Thursday, 15 April 2010

Remnants of the Ngatapa Branch Today

Well, here is my second article about the Ngatapa Branch this week. I hope that at times a number of the branch lines which we know about from new Google Earth discoveries will be documented in articles on this blog. The only substantive body of work that we have on branch line remnants is Leitch and Scott, and that is more than 10 years old, and it was written without the benefit of the availability of Virtual Globes like Google Earth. Thus there is scope for a lot more to be written about ghost railways, especially when it seems that with the authors retiring, we may never see another book like L & S.
This map below shows the whole line from start to finish.

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That other line going out of the map at top right is the Moutohora Branch. These two branch lines were intended to both be the main line north and south of Gisborne (out of the frame at bottom right), which was to be an intermediate station between Napier and Tauranga. As it transpired, neither route was completed and both were later closed; since 1943 Gisborne has been the northern terminus of the Palmerston North Gisborne Line.
The key points which you can see on the map today are as follows:
  • Makaraka Junction. From here the line ran due west to the Waipaoa River. Almost all of this part of the route is followed by a line of power poles.
  • Piers of the Waipaoa River bridge. Just before the bridge the line turns towards the north. From the west side of the bridge to a point 7 km further on, the route is impossible to confirm from above. It is rather likely with the history of the Waipaoa River that part of the bridge approaches or pier remains have been washed away or damaged. In time the remaining parts could be buried in silt. There is no public  access to the bridge site unless you walk upstream in the river from the nearest road bridge. The nearest public road is 500 metres away with the SH2 bridge being 1.5 km downstream,.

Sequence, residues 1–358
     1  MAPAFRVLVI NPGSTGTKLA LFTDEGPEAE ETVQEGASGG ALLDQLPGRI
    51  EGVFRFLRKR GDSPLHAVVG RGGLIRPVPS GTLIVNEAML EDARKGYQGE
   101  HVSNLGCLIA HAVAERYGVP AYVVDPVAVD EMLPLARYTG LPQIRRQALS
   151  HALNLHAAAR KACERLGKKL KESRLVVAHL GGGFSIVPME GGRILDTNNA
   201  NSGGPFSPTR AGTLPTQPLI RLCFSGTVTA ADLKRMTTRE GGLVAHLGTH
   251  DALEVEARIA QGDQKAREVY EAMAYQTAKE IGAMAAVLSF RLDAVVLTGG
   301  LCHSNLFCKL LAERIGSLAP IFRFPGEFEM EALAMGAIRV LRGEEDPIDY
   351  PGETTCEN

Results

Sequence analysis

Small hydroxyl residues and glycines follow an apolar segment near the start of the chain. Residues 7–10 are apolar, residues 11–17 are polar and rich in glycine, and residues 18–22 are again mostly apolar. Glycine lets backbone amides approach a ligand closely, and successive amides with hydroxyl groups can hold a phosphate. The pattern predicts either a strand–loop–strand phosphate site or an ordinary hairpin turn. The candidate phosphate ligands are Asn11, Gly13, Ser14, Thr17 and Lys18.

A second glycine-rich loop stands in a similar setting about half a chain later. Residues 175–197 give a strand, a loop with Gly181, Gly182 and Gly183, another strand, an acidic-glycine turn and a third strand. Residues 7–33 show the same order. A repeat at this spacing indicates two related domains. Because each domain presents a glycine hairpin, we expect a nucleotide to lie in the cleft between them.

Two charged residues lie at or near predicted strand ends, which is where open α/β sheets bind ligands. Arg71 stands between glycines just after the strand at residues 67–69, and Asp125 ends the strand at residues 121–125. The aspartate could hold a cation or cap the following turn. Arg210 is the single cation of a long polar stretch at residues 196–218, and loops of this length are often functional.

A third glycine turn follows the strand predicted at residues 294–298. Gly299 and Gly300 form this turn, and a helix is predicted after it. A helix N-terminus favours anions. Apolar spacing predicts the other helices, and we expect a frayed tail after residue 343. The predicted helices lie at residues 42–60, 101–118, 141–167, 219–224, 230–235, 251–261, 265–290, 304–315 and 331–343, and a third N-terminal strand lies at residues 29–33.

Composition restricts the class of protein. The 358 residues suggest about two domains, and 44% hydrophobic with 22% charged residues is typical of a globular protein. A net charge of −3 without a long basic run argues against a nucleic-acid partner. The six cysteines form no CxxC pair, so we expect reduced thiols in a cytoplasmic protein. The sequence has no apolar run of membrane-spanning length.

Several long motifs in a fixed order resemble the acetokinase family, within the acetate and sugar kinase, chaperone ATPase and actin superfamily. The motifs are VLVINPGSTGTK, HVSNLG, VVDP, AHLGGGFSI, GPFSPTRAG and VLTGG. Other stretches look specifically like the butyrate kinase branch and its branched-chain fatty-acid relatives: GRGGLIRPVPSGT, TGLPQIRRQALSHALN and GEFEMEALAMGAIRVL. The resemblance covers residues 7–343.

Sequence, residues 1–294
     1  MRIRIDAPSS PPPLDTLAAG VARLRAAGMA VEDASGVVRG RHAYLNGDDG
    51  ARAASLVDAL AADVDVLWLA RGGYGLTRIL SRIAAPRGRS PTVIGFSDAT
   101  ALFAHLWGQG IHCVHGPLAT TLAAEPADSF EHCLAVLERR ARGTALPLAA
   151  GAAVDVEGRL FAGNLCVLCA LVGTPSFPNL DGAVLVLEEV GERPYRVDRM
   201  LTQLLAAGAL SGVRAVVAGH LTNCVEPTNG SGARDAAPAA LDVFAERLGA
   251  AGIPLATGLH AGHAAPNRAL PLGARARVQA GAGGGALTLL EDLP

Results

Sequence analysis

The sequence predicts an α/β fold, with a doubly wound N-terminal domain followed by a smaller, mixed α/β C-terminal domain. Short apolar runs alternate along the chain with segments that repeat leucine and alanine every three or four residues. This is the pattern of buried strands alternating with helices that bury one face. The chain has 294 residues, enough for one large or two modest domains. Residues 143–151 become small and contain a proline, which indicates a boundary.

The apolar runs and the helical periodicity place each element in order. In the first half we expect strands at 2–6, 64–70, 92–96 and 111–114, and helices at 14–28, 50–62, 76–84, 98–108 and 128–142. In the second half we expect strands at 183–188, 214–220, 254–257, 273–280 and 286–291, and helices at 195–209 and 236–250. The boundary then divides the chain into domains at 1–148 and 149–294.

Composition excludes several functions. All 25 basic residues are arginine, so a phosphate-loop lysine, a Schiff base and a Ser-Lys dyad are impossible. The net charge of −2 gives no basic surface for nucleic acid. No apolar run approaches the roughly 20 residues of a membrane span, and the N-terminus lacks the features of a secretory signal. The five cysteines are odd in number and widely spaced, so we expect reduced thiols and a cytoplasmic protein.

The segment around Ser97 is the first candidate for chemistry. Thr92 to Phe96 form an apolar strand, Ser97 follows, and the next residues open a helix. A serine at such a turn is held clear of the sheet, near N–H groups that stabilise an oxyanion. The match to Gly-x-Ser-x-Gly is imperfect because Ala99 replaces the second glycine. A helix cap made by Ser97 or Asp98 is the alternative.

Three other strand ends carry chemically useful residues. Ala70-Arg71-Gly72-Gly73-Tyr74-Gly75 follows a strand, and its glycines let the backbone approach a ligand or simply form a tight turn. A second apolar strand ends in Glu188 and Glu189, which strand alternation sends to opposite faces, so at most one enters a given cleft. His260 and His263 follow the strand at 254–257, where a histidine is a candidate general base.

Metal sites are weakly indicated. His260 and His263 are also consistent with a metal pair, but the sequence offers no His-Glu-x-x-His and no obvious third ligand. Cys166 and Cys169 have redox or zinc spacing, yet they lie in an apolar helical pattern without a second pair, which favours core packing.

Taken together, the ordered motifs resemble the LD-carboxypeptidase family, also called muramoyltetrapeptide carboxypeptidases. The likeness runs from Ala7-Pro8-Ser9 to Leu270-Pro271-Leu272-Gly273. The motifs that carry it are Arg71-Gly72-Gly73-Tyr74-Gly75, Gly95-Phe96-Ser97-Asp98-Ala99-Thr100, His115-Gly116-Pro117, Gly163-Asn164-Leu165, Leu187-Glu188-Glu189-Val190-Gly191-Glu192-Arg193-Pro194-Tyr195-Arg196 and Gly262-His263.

• A possible site for the Repongaere station may exist at the end of the green line shown on the map. There is a building at this location but any railway connection is unconfirmed. It is believed that the railway followed the foot of the hills west of this location as it headed inland to Ngatapa. At odd locations some formation work can still be seen. Repongaere was the site of a quarry and the location of one that may have been connected to the railway by a tramway can be seen here. Hills Road parallel to Wharekopae Road may be on the former railway route.
  • A bridge or bridge remains further west may be part of the rail route but has not been confirmed as such. Another bridge close by also is worthy of further investigation.
  • At Ngatapa the remaining building on site is the goods shed.
Referring to the closeup of the Waikura section below:

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  • The route parallels Totangi Road for about 2 km before crossing it at the horseshoe curve at the very top of this map.
  • A substantial embankment still exists at the next horseshoe a km or so further on.
  • The route then parallels Turnbull Road for most of its length before turning to run alongside Wharekopae Road.
  • The last part of the aqua line shown above, immediately above and left of the word “Ngatapa”  is what appears to be “complete” or “continuous” as far as formation goes. Beyond this location, the green line indicates that discontinuous works exist, making it difficult to confirm the route that the railway would have followed at these locations. The possible tunnel locations etc have been further described in the preceding article.
Finally in order to complete this article we do need to have a look at the section of line at Frasertown, just outside Wairoa.

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The NZRTA4 suggests only 1.6 km was completed, this brings the line up alongside the airport runway for a short distance. There is some suggestion that there might be embankment there. That is really the only trace that can be seen on Google at all.